Fleet News

Warning as younger drivers admit falling asleep at wheel

EMPLOYERS with young company car and van drivers have been warned about the dangers of their staff driving while tired, after a survey found one in three young people admitted to falling asleep behind the wheel.

The research was carried out by Fleet News' stablemate magazine Max Power and the RAC Foundation, following recent hard-hitting Government safety campaigns on the dangers of fatigue. Government statistics suggest that 10% of all road casualties and 20% of all motorway accidents are caused by drivers who fall asleep behind the wheel.

The Max Power/RAC Foundation survey found that young people had a frightening disregard for the dangers of fatigue and driving, with one in four people saying they had driven after being awake for over 24 hours, and 25% saying the hard shoulder 'rumble strip' was the only thing that prevented them from being involved in a serious sleep accident.

Many young drivers felt that the motorway services could be partially to blame: 55% said that motorway service goods were a 'rip off', and 44% said they relied on fresh air and loud music to keep them awake. Only 24% said they would consider taking a short nap or sleeping before continuing their journey.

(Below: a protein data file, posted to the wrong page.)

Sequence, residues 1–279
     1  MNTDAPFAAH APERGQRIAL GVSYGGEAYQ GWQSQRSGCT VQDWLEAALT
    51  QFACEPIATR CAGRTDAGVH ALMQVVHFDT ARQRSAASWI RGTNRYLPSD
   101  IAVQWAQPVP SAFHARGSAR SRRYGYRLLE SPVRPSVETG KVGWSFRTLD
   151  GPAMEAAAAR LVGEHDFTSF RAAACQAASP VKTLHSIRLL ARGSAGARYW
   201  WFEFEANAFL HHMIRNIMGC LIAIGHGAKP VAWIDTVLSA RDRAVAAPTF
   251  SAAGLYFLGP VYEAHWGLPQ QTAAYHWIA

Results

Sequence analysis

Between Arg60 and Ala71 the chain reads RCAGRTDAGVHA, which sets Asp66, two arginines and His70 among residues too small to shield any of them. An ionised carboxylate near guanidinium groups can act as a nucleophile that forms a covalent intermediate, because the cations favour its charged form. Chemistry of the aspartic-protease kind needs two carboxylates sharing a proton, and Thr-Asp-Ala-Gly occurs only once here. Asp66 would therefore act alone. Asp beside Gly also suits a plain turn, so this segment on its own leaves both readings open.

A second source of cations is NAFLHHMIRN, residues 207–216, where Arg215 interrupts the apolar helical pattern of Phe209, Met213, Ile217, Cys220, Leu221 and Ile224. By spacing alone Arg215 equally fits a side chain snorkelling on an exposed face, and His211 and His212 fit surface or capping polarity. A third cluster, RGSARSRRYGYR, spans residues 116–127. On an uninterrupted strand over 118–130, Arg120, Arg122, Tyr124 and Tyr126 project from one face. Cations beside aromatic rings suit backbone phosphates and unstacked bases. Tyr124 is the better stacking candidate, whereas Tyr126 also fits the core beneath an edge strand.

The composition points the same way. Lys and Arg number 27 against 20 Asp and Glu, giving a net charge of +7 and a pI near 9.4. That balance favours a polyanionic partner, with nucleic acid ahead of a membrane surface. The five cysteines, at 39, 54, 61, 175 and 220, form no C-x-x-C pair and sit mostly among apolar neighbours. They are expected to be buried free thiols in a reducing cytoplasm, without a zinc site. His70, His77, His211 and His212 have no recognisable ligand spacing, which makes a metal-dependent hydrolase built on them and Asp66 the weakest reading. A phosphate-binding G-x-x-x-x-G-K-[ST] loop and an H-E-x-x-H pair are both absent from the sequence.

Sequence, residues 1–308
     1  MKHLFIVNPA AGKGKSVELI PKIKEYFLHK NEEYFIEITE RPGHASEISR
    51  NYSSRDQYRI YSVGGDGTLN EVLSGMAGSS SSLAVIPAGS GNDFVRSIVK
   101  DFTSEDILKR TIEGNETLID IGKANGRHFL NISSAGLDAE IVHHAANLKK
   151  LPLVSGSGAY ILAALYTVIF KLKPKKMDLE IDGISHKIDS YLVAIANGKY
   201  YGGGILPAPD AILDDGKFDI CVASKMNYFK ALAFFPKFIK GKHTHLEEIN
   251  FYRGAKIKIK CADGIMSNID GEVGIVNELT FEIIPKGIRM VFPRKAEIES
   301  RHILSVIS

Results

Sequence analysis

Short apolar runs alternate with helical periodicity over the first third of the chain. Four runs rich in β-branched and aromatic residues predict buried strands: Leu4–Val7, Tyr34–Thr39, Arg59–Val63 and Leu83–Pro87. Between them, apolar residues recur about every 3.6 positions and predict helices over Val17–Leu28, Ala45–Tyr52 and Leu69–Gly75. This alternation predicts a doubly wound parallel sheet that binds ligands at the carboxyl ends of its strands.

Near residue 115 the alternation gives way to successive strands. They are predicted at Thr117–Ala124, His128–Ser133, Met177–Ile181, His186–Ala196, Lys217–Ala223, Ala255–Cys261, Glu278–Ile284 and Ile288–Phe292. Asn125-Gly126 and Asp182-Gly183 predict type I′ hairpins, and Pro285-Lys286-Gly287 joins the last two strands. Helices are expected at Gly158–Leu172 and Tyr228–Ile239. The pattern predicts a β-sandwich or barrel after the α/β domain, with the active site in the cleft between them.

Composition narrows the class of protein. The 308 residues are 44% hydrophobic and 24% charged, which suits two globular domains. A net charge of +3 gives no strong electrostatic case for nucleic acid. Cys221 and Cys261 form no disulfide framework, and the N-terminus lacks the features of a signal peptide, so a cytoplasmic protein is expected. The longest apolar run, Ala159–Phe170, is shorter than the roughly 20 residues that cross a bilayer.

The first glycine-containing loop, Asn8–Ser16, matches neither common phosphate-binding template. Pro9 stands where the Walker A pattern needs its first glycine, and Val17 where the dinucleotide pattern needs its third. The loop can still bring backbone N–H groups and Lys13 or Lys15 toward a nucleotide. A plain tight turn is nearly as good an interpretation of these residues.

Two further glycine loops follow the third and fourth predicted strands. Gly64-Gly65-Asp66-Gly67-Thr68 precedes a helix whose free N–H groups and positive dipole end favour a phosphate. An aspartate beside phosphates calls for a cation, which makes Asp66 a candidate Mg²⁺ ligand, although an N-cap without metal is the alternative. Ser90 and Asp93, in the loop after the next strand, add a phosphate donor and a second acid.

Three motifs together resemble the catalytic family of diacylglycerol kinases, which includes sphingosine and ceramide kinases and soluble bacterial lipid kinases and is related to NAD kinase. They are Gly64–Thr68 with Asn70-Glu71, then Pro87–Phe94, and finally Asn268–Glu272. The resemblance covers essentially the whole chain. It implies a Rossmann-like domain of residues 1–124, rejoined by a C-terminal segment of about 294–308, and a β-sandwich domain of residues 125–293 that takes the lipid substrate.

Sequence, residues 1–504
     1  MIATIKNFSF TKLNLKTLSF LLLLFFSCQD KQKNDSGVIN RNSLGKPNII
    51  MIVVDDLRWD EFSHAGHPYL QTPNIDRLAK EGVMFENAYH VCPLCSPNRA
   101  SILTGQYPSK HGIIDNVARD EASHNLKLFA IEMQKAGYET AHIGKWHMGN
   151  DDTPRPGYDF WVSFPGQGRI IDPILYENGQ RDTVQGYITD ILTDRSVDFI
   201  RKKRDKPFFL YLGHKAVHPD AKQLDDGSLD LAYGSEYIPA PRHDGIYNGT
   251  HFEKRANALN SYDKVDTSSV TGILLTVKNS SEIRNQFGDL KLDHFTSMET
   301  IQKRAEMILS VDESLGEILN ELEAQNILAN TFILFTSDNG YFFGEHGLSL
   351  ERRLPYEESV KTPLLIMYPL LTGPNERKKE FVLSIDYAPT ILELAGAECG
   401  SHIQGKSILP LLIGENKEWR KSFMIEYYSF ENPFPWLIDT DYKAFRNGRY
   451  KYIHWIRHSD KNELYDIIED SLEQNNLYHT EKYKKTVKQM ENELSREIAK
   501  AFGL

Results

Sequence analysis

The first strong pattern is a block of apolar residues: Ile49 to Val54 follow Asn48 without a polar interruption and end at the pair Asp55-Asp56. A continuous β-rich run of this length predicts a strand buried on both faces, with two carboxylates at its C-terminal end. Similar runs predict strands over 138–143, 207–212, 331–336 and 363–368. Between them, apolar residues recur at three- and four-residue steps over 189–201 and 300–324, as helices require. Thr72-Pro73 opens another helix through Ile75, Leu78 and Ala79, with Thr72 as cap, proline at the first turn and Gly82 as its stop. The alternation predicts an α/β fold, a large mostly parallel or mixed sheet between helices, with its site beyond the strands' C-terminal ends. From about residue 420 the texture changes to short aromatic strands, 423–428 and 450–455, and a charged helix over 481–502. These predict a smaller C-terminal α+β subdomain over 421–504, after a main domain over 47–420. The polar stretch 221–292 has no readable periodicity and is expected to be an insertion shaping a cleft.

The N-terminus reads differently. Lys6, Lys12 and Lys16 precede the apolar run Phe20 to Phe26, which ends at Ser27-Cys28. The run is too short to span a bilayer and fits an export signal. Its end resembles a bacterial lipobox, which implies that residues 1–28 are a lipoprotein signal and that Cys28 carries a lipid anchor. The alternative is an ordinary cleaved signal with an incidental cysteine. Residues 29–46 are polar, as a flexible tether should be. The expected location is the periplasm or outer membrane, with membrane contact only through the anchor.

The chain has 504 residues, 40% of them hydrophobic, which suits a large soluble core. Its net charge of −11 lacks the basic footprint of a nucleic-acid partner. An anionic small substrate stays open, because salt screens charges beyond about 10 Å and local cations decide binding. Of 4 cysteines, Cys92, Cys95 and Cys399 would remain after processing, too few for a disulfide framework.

Max Power editor John Sootheran, said: 'Our research shows that sleep driving is a massive problem, but with the pressures of work and home life, I don't see things improving. Generally, people do it through necessity, not choice.

'Employers should be aware of the driving demands they place on their staff, especially young drivers.'

The danger time for falling asleep at the wheel is between 4am and 6am when a motorist is 13 times more likely to have a sleep related accident as someone who is driving in the middle of the morning or early evening. Mid-afternoon (2pm-4pm) is also a danger time.

Some researchers claim that motorists can suffer from 'highway hypnosis', which is a trance-like state induced by the monotony of motorways and other trunk routes which render driver oblivious to external events.

The RAC Foundation insists sleep is not something over which drivers have no control, and says accepting the need for rest and acting upon it could help to avoid accidents in the future.

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